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    I have always been confused by that aspect of the wave/particle duality. Thinking of photons one at a time, they do not interfere with each other. If reflected or refracted, each is a discrete event. But a group of photons passing in nearly the same direction at nearly the same time, should be treated as the superposition of the group.

    Adding to my confusion, the size of a photon either doesn't exist, or is difficult to define. Therefore, how can I define a time window such that two photons arriving within the window should be superimposed, but arriving outside of that window should be treated as discrete events?
  7. Oct 22, 2016 #6


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    Photons are neither classical particles (they don't even allow to define a position observable in the strict sense) nor classical waves but they are defined as certain states of the quantized electromagnetic field, the one-"particle" Fock states. Consequently in "modern quantum theory" (i.e., the theory developed in 1925/26 by Heisenberg, Born, Jordan and Schrödinger and Dirac) there is no wave-particle duality and consequently no apparent paradoxes of such an idea.
  8. Oct 22, 2016 #7


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    My explanation should only be considered in the classical sense. I have little knowledge of how quantum physics describes such phenomena.
  9. Oct 25, 2016 #8
    * I may be incorrect in some of the things I'm saying here, but I'll try to offer my own explanation.

    This is from a purely classical (non quantum mechanical) point of view. In reality we will never see a perfect electromagnetic plane wave. However, because the differential equations governing the electromagnetic field are fundamentally linear, we can decompose an arbitrary electromagnetic field as being a linear superposition of plane wave solutions to the electromagnetic field equations.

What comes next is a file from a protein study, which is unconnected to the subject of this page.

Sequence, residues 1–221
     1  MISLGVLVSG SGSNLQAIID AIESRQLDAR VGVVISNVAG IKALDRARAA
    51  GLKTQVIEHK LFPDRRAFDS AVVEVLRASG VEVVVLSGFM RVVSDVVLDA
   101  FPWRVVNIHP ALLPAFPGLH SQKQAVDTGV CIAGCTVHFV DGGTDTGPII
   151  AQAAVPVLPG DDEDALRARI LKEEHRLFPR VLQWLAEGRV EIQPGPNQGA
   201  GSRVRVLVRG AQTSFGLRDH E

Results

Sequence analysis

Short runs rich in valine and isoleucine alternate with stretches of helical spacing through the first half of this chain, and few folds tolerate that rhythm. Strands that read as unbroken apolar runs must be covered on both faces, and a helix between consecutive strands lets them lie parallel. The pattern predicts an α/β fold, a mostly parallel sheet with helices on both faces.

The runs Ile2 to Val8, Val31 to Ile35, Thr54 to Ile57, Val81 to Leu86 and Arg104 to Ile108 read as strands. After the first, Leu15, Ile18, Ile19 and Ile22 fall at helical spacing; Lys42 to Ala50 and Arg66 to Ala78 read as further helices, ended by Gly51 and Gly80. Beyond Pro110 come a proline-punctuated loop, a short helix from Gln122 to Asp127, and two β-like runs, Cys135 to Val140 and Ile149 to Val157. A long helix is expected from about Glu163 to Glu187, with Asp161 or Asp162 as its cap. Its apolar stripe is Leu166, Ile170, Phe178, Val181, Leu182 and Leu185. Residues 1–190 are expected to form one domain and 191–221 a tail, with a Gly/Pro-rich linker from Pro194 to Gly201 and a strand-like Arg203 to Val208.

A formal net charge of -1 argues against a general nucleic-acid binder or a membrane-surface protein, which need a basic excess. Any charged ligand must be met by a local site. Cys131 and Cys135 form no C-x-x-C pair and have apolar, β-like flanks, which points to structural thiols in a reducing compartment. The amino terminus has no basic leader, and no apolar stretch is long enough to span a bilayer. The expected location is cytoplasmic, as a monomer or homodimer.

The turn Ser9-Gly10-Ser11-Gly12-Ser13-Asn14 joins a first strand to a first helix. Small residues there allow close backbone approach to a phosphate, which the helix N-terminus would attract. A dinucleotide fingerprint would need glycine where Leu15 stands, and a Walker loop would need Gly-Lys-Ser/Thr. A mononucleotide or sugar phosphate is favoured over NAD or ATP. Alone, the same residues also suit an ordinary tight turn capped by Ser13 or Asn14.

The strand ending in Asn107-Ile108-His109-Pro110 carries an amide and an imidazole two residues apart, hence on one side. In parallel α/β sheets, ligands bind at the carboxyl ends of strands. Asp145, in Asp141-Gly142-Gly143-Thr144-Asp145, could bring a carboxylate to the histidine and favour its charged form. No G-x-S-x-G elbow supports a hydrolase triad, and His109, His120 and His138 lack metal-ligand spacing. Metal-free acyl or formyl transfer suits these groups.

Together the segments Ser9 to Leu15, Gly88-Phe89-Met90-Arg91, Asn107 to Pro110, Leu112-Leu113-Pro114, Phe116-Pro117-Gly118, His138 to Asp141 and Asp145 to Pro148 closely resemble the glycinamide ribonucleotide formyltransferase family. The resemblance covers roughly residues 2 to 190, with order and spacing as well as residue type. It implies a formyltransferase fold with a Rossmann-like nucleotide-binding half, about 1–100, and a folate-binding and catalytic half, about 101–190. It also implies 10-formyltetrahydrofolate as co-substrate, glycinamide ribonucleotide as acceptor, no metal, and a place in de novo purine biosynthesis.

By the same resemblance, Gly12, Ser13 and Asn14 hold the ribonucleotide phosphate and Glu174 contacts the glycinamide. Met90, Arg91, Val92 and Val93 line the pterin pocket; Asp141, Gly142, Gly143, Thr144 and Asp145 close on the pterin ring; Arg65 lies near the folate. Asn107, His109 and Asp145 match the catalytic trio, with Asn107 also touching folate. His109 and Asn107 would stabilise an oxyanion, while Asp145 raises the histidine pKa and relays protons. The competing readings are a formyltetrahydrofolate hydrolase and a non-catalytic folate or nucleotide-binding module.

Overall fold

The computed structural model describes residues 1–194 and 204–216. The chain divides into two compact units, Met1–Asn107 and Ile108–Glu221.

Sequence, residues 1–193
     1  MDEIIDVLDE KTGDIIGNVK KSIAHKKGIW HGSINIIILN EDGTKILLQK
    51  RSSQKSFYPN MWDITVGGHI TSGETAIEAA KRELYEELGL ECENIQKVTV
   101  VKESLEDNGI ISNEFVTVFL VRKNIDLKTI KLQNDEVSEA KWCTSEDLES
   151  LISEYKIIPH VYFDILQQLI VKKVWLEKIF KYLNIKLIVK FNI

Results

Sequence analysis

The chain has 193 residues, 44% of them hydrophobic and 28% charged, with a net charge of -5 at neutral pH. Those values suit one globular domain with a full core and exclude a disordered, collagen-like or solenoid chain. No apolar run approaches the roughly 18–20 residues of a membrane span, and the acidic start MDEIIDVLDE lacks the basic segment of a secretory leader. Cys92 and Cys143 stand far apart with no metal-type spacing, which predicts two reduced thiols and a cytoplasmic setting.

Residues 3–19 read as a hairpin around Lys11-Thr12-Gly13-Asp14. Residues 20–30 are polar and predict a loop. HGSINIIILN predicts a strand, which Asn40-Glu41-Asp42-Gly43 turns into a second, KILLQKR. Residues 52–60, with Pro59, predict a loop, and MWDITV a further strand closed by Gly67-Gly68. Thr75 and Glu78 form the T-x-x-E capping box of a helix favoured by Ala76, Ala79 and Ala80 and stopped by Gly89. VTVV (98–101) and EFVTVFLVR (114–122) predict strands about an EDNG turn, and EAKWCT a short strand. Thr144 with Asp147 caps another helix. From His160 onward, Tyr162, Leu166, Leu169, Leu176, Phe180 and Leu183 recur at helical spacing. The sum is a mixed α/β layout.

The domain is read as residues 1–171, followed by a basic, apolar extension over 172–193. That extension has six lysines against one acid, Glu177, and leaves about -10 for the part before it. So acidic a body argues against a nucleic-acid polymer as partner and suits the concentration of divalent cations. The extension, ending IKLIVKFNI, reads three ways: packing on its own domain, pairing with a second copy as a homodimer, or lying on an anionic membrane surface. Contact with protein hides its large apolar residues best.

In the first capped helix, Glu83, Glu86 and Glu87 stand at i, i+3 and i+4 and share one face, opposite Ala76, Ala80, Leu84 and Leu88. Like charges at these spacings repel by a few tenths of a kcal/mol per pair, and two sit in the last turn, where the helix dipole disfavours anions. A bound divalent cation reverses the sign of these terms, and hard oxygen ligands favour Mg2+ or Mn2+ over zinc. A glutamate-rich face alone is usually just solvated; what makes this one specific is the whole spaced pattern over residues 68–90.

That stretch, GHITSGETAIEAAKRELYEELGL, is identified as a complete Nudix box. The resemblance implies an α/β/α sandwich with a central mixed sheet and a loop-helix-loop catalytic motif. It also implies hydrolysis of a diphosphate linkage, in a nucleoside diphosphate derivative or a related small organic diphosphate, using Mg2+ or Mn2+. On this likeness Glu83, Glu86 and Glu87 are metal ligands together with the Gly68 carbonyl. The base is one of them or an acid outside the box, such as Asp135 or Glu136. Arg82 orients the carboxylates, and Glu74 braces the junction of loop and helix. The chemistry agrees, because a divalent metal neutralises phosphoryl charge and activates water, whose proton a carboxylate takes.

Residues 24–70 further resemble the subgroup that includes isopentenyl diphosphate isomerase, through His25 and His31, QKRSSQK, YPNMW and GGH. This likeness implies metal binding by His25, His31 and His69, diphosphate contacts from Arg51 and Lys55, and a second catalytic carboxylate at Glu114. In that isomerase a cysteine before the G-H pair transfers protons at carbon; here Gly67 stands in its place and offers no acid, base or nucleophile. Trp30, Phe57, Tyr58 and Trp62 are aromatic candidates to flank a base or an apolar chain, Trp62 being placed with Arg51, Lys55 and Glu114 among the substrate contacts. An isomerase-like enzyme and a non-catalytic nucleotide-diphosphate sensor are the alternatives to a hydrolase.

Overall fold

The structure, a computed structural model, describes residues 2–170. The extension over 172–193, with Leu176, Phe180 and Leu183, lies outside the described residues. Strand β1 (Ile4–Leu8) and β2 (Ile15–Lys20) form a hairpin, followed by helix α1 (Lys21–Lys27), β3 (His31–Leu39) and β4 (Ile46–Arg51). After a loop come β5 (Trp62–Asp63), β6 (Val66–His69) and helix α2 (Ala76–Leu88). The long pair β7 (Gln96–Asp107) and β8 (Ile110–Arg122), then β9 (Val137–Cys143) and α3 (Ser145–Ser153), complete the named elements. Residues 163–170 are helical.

As an analog to this problem, we can consider the problem of the one dimensional wave equation. This approximately describes the motion of waves on a string given that the waves have a small amplitude. If we hold the ends of the string fixed then it turns out that there are certain solutions to the wave equation, called standing waves, which solve the wave equation and solve the boundary conditions (that the ends of the string are held still). These standing waves are sinusoidal. Because of the linearity of the wave equation, we can add two of these solutions together and still have something that solves the boundary conditions and the wave equation. In reality, it would be essentially impossible to form a "true" standing wave, and the motion of the string would almost never be described by a standing wave solution. The utility of the sinusoidal standing wave solutions is that they form what is known as an orthogonal basis ; essentially we can describe ANY motion of the string by superimposing (adding together) an infinite number of the standing wave solutions.

    In a similar manner we can represent any state of the electromagnetic field as being a linear combination of sinusoidal plane wave solutions (with the caveat that we need to be careful about boundary conditions, we need to choose our set of basis functions in such a way that boundary conditions can be satisfied).